Types and characteristics of mainstream lasers for 3D printing


The 3D printer is a highly integrated modern device. From laser and galvanometer to control, the printer seems to be shrouded in a veil of mystery, and the laser among them is even more extraordinary. A laser is like a torch and is the source of energy to realize layer-by-layer manufacturing, and it is also the most precise core device in a 3D printer.

The types of mainstream lasers used in 3D printing include ultraviolet lasers, fibre lasers and CO2 lasers. YAG lasers have also been used previously. 3D printers will match different lasers according to other printing materials. However, as an independent industry with continuous development, laser manufacturing has undergone significant changes in matching with 3D printing processes.

There are many types of UV lasers for photo-curing, such as early helium-cadmium lasers (wavelength 325nm, power 15-50mw) or argon ion lasers (wavelength 351-365nm, power 100-500mw), all of which were used in early SLA equipment and their laser beam spot size was 0.05-3mm. At present, solid-state ultraviolet lasers are commonly used in photo-curing. The output wavelength can be stabilized at 355nm; the output power is close to 800mw and adjustable while the service life is significantly increased. It can continue to be used only by replacing the laser diode.

Laser sintering technology adopts carbon dioxide laser with an output wavelength of 10.6μm; the power can range from several watts to tens of thousands of watts, the beam quality is exceptionally high, and it is often used to process non-metallic materials (this specific wavelength has a high absorption rate). In the laser sintering technology, the power of the CO2 laser can be selected around tens of watts, and the spot diameter would be about 0.4-0.5mm, which can be used to sinter non-metallic materials such as nylon, coated sand, ceramics and PS powder. In addition, early LOMs also used CO2 lasers for contour cutting.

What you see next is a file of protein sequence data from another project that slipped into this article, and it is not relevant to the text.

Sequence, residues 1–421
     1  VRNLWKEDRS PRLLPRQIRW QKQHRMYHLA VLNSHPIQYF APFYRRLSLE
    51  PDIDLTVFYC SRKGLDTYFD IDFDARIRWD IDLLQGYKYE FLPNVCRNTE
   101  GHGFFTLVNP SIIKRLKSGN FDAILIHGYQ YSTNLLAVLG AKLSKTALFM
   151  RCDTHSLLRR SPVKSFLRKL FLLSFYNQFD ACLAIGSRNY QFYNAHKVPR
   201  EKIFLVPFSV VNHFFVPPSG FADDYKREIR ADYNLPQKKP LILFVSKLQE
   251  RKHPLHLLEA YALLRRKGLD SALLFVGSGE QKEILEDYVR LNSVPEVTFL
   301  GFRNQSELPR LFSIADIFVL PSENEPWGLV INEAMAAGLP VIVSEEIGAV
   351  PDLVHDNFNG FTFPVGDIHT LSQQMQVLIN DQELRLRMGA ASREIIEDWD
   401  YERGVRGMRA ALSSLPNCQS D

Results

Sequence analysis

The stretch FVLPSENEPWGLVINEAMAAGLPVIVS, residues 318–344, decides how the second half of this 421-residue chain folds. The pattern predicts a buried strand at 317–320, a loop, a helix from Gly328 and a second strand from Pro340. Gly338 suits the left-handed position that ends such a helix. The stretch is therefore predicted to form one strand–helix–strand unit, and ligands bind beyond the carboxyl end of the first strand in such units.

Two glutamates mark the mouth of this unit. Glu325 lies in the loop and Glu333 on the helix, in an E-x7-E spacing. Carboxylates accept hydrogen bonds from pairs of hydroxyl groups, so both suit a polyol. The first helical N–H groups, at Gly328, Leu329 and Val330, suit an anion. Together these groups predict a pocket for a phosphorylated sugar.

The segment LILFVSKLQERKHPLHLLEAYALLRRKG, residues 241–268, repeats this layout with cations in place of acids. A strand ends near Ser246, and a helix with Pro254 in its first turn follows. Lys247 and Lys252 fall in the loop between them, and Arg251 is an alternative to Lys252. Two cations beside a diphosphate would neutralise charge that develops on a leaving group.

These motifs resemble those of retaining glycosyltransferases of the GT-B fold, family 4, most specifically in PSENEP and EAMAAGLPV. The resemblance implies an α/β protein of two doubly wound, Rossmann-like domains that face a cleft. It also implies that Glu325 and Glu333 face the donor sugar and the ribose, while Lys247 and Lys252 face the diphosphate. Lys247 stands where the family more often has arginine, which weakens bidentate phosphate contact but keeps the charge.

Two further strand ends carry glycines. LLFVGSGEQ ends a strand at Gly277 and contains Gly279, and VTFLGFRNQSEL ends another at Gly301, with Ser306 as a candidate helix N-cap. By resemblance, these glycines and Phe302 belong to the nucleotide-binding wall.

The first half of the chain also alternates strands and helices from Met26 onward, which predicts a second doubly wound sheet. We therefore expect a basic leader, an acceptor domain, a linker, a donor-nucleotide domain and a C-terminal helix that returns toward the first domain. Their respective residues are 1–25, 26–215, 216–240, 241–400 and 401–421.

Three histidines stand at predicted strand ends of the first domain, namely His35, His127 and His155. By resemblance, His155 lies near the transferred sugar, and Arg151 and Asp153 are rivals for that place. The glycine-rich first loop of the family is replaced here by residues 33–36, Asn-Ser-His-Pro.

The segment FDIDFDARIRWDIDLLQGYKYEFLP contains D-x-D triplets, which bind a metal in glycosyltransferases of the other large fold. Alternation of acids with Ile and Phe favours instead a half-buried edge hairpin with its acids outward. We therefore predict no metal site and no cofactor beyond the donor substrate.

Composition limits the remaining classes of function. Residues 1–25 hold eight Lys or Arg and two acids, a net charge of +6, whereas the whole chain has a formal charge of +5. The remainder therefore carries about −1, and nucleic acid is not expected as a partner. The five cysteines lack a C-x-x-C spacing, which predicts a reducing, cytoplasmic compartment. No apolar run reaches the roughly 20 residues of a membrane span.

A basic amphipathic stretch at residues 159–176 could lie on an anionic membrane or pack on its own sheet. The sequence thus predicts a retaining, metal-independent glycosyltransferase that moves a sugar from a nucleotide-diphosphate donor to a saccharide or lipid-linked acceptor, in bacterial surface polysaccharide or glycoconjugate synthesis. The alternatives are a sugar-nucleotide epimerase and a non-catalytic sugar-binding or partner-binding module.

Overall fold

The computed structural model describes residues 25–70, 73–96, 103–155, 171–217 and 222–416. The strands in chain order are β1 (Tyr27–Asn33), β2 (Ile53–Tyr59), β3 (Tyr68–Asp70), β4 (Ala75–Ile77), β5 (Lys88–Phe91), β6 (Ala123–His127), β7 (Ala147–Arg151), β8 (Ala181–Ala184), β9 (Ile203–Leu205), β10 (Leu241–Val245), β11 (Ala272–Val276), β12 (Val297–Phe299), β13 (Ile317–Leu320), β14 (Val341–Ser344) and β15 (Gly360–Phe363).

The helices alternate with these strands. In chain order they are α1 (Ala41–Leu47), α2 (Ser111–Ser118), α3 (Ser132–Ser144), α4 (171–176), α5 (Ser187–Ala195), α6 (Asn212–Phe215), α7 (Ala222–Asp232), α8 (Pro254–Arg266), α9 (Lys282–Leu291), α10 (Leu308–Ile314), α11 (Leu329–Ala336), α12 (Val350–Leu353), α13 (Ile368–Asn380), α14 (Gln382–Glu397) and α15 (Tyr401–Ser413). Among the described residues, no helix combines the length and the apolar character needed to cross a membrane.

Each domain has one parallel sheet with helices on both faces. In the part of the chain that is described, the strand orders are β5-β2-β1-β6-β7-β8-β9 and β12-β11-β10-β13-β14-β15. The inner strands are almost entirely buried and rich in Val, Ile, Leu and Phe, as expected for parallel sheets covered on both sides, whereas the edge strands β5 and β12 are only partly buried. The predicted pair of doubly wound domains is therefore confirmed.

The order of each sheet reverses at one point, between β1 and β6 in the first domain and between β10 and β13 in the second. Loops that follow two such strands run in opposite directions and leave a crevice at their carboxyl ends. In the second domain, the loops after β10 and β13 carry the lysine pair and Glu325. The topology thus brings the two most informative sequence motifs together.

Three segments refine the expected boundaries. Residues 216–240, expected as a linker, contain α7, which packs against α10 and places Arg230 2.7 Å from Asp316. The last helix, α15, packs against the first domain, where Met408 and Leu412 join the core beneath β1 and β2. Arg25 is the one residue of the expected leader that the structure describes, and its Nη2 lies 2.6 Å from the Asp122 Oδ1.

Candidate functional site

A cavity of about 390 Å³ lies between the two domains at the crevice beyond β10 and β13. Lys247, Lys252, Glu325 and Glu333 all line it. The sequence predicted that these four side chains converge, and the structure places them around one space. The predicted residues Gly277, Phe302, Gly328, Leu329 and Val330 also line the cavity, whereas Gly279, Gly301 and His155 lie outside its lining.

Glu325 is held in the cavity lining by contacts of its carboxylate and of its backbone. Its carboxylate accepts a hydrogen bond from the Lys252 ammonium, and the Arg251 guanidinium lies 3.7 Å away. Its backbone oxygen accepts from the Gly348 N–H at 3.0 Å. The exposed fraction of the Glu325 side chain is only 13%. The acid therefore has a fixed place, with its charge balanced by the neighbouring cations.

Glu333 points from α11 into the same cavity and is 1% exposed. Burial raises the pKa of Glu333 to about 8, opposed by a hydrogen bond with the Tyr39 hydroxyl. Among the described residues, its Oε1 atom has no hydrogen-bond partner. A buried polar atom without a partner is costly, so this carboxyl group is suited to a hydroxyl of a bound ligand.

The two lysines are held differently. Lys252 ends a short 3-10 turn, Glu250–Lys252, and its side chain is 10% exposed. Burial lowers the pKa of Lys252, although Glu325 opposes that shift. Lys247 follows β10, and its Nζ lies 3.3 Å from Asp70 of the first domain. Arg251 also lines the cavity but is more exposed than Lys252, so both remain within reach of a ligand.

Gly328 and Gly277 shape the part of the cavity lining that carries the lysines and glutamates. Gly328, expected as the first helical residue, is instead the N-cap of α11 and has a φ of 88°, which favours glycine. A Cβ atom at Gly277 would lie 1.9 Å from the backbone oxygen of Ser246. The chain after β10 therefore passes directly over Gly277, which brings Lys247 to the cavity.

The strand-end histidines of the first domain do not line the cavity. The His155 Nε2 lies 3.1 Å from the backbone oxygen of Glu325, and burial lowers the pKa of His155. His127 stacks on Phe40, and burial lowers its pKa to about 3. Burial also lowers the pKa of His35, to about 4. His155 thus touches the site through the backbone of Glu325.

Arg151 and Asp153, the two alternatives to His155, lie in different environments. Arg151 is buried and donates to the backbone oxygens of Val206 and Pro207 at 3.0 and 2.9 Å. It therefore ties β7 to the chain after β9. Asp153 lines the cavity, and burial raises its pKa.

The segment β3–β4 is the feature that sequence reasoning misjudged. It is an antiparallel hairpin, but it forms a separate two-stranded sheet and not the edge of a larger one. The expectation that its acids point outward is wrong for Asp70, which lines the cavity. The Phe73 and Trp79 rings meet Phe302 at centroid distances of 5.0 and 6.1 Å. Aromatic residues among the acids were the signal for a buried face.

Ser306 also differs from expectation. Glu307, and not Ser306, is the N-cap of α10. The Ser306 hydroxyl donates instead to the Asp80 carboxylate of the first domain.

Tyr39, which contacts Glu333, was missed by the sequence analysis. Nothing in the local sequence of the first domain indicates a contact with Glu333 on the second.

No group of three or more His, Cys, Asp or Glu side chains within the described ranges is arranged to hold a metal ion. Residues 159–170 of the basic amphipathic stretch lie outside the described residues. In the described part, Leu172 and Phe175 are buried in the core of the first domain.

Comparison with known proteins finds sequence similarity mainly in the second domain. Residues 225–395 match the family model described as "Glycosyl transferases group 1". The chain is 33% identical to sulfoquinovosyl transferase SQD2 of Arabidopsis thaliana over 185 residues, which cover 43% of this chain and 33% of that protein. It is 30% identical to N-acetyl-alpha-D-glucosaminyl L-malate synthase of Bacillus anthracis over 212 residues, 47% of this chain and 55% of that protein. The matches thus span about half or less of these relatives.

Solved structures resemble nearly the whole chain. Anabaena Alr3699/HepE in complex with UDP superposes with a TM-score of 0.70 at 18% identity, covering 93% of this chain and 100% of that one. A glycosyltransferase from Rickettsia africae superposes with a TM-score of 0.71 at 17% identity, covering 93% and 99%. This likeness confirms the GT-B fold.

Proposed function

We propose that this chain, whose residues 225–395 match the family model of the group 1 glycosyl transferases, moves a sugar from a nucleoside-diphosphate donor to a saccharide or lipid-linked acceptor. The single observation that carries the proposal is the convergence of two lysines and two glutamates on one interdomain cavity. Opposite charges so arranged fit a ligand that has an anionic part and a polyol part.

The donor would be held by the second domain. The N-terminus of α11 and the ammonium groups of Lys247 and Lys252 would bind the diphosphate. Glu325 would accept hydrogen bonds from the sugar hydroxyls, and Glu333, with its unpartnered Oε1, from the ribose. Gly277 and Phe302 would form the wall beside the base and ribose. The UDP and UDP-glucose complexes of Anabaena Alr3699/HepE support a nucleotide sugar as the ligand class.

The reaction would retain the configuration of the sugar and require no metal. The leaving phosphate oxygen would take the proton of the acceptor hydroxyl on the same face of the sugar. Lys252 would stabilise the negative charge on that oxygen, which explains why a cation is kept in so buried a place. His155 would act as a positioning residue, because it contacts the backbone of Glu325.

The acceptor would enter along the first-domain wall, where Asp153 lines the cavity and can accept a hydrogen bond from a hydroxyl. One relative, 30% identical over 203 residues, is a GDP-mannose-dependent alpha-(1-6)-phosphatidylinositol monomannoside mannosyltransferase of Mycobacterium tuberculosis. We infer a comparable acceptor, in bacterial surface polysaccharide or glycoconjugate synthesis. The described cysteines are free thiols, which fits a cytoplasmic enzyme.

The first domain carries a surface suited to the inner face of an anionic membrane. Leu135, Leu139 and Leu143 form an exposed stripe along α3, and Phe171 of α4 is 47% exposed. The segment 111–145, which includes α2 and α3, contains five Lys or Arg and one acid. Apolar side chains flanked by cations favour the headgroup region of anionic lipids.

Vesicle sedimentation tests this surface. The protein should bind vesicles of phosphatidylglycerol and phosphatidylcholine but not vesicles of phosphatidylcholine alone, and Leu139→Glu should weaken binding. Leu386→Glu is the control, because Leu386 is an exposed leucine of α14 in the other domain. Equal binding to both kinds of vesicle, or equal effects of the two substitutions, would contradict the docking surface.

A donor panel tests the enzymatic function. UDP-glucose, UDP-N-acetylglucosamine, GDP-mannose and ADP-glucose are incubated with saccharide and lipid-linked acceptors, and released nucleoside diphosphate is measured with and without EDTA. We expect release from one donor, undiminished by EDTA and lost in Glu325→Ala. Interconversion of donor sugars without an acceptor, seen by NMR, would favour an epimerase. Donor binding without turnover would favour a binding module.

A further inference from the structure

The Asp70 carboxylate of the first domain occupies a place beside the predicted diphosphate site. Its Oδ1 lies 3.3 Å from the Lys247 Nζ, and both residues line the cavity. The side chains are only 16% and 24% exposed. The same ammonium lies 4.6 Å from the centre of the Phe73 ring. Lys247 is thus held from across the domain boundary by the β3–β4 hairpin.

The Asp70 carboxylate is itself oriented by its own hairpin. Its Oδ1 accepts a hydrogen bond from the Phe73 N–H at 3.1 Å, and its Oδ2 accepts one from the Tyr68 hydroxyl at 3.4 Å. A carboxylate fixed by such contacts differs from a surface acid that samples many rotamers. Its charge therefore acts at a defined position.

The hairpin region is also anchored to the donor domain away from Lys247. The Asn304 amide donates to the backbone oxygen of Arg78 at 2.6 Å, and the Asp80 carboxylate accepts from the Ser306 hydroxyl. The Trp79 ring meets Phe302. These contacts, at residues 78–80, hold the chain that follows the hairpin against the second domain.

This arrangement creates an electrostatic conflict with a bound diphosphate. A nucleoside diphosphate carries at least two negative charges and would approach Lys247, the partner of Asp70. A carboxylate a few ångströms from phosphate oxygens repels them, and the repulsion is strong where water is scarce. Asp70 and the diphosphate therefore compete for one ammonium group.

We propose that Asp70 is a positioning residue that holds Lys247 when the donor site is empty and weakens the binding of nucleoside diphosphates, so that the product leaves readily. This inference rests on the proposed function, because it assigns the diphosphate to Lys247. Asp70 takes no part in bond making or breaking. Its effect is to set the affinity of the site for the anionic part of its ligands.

Lasers in 3D Printing for metal, mainly CO2 lasers, YAG lasers, and fibre lasers, have undergone several stages of development. The output wavelength of the CO2 laser itself is very long, and the absorption rate of the metal material is low. Hence, the power of the CO2 laser used for early metal printing was often several kilowatts. The YAG laser can output a wavelength of 1.06 μm, has high coupling efficiency with metals and has good processing performance. The compelling power of an 800W YAG laser is equivalent to that of a 3KW CO2 laser. Later, as fibre lasers were gradually introduced to the commercial market, the disadvantages of YAG lasers continued to emerge. Fibre lasers that are more integrated, have higher electro-optical conversion rates and have more stable performance has become a major trend in the development of metal printing.

Although few YAG lasers are still used for metal printing, the majority has been occupied by fibre lasers. The output wavelength of fibre laser for SLM is usually 1.07μm, the peak power has several levels such as 200w, 400w, 500w, 1000w, etc., and the scanning spot is generally within 80-150μm.